Western Australians will soon be able to recycle their cans for cash as the state prepares to reintroduce a container deposit scheme, and regional towns are gearing up for the change.
From October 1, Western Australians will be able to claim 10 cents from every can, carton and bottle they collect under the Containers for Change program.
Most beverage containers between 150mL and three litres will be eligible for the refund, with a few exceptions.
Plain milk and cordial containers will not be accepted under the scheme, as will glass wine and spirit bottles.
Fruit juice, flavoured milk and cask water containers over with a more than one litre volume will also not be accepted.
The scheme is a large logistical exercise, with nearly 200 locations being set up across the state to accept the refundable containers.
In the South West town of Donnybrook, the local Lions Club will operate the container refund point.
The club has a long history with recycling, having run a plastic and cardboard processing facility for two decades.
Club president John Hayes believes the scheme’s arrival in WA was perfect timing.
“The price of cardboard was dropping rapidly because of China’s exit from taking any material from Australia,” he said.
“The cardboard and plastic recycling ended up just completely falling in a hole within about six to nine months.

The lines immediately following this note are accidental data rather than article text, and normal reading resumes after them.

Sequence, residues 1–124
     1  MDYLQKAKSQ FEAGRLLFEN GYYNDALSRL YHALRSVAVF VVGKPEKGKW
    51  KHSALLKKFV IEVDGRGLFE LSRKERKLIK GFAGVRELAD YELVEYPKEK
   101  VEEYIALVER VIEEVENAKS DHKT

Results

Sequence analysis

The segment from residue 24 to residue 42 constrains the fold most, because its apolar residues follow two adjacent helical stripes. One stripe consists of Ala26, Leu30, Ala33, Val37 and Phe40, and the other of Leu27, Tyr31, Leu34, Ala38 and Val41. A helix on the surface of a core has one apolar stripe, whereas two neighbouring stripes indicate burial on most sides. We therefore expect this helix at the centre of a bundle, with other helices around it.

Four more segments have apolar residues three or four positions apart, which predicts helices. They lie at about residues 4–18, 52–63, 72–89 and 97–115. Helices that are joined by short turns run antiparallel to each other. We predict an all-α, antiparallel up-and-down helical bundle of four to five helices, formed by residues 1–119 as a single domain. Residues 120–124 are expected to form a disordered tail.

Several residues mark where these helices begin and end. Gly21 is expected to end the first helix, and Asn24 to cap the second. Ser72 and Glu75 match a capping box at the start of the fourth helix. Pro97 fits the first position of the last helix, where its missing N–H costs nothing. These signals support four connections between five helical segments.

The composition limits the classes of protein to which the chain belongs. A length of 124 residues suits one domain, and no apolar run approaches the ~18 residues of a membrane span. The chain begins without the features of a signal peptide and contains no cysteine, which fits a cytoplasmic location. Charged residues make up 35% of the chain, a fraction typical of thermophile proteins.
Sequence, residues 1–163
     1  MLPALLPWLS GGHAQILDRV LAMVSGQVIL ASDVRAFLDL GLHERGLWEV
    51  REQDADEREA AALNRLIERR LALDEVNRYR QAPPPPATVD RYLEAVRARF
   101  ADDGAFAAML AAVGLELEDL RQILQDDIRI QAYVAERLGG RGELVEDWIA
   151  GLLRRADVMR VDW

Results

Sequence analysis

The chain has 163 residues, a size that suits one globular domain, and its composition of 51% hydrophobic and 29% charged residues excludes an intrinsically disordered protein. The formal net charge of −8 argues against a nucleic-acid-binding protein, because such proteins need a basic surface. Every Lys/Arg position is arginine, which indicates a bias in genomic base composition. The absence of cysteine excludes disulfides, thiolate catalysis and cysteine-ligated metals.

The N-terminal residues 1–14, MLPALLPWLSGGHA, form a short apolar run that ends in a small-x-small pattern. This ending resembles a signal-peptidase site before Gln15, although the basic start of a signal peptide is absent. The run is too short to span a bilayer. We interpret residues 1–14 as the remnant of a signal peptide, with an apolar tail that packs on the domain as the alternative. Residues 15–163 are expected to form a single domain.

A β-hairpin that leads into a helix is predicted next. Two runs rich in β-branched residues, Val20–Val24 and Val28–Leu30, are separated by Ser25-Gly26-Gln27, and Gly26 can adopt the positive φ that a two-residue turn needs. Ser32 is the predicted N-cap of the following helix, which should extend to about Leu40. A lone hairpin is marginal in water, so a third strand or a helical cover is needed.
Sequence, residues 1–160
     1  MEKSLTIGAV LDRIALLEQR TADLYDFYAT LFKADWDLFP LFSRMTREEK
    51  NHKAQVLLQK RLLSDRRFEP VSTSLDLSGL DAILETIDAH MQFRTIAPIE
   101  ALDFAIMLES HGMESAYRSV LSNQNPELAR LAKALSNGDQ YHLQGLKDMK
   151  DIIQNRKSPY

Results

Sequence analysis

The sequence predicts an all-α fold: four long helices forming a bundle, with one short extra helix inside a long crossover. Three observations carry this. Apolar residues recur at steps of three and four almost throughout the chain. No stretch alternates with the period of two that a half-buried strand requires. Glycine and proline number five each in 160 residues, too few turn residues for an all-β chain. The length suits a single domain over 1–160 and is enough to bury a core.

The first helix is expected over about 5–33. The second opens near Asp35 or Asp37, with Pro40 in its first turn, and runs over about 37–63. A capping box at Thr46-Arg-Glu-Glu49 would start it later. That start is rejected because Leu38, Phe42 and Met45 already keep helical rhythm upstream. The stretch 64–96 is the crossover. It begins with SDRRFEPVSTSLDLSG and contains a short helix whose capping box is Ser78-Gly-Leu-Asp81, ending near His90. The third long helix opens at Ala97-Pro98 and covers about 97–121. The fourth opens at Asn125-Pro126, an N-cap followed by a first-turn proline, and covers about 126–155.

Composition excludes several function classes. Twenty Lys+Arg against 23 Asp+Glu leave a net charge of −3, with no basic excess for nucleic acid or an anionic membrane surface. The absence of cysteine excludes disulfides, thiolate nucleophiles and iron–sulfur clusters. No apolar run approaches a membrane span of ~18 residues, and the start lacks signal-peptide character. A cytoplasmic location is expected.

“At that time, the applications came out for interested parties to be involved … and the club jumped on that opportunity.”
Mr Hayes has been pleased with the response of local businesses to the club’s successful application.
“A lot of them have donated time and resources to help us set the refund point property up because it needed a lot of work,” he said.
“Any profits that we make from this venture go back into the community, so they’re helping us because we’re going to end up helping the community.”
In nearby Collie, local company Cash4Cans will be running the town’s container refund point. The company will also be running the container refund points in Capel and Harvey.
Owner Caris Lenaghan believes the scheme is a fantastic initiative.
“It’s about time it came back to WA. I remember it being around as a kid and always wondered why they stopped. When I heard they were bringing it back, I jumped at the chance to be involved.”
It is the first time Ms Lenaghan has been involved in a recycling business.
“It’s exciting and nerve racking at the same time,” she said. “There’s been a lot of preparation … it’s been quite involved.”
The company expects to employ around 10 people across its three sites.
The scheme’s introduction follows a four month delay due to the COVID-19 pandemic.